“The idea wouldn’t have come to us if the example wasn’t already there,” said Scott. “It also gave us a sense of family outside of Inter Miami. That, we as Black supporters can tap into this Black soccer community. It doesn’t make us feel as alone.”
Though they’re only officially a few weeks old, Black Herons are already busy with early initiatives. For Black History Month they launched a social media content series, “Black and Beautiful Game in Miami” highlighting Black soccer players and their significance to the South Florida area. They’re also working on coordinating a location to watch away matches, building up membership, and laying out plans for a sharing library that celebrates Black soccer and its history. But above all, the group’s key priority is simply showing up.
“We just really want to try and establish a presence thought the community and let them know that we exist and that they can feel welcome coming to a game,” Scott said.
“When I first thought about joining a supporters group, I wasn’t sure who I was going to see,” said Bradley. “It’s been really encouraging to see people that look like me who want to support the team. It’s comforting.”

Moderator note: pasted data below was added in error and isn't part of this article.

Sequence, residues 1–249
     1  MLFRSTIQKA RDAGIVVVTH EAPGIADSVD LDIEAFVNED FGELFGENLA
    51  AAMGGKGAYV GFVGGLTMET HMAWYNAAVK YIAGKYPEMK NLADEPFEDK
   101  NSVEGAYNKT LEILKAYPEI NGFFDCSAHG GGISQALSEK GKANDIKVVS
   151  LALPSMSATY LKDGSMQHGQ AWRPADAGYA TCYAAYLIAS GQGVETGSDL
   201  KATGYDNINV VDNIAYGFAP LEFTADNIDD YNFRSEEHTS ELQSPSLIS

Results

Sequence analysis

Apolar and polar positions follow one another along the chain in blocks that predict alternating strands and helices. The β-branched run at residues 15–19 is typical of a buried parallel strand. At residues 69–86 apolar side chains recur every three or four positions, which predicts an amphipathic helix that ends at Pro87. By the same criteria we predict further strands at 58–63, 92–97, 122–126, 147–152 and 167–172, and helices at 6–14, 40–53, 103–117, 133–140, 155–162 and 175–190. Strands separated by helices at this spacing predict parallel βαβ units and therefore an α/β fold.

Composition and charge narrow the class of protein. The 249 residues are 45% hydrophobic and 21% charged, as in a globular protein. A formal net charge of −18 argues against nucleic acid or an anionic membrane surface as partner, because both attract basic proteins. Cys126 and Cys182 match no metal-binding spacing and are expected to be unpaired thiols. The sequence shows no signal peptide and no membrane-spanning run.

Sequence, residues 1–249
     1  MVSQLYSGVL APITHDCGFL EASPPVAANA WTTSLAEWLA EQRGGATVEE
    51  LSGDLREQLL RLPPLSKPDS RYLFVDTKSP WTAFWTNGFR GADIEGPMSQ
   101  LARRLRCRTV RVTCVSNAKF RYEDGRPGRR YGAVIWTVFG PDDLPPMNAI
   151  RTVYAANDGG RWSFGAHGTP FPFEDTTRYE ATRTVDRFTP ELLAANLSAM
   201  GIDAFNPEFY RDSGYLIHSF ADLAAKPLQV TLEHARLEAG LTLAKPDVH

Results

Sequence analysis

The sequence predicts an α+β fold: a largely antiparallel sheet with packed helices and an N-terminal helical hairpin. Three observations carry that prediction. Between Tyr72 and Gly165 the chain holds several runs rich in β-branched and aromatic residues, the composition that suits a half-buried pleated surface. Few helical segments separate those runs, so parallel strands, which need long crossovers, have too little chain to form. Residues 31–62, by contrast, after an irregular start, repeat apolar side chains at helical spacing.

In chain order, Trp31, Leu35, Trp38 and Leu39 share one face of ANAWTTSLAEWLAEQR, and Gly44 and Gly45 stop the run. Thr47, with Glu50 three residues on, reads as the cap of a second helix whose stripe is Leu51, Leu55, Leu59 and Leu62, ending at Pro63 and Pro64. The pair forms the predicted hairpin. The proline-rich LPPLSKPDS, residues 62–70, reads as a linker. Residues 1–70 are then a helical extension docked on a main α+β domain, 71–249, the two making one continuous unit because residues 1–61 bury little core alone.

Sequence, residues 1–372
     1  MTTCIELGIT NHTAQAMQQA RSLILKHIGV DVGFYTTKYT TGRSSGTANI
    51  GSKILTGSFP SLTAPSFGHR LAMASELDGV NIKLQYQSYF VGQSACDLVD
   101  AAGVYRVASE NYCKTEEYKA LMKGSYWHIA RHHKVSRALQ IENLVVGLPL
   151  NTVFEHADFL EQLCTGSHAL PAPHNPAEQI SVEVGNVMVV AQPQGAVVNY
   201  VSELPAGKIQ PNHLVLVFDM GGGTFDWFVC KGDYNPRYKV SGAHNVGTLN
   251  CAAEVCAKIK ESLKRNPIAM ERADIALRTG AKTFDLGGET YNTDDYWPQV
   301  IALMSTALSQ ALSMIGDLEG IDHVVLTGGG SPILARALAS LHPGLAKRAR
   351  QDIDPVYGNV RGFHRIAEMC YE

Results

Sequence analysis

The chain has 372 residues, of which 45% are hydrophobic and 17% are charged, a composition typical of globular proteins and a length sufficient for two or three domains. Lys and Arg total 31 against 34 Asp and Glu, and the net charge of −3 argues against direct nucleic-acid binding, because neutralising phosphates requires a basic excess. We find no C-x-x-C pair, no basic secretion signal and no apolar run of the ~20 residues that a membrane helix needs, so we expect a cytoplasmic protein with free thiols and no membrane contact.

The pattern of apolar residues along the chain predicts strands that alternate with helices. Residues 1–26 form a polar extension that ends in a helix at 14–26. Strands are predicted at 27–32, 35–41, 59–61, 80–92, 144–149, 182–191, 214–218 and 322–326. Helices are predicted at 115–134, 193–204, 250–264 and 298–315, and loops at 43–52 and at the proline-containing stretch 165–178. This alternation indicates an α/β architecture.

As the season approaches, the group is also eager to collaborate with Inter Miami’s three other supporters groups, The Siege, Southern Legion, and Vice City 1896 to elevate an already-electric game day atmosphere even higher. One area they hope to contribute is with an English language chant that honors the area’s rich hip hop and reggae roots.
“You could think of different Miami hip-hop artists or different reggae songs that the crowd would immediately identity with,” said Scott.
Black Herons will make its in-person debut at Inter Miami’s first home match on February 26th, against Chicago, and Scott, Bradley and Windley, who will be watching from the press box, are counting down the days.
“There’s a different side of Miami, people like me, us,” said Windley. “We love the game of football and we’re just trying to expand people’s horizons and trying to be a voice for Black supporters. We’re just here to have a place and spread Black culture, African American, Afro-Caribbean, Afro-Latino culture, through Miami, which is huge here and it deserves to have a voice.”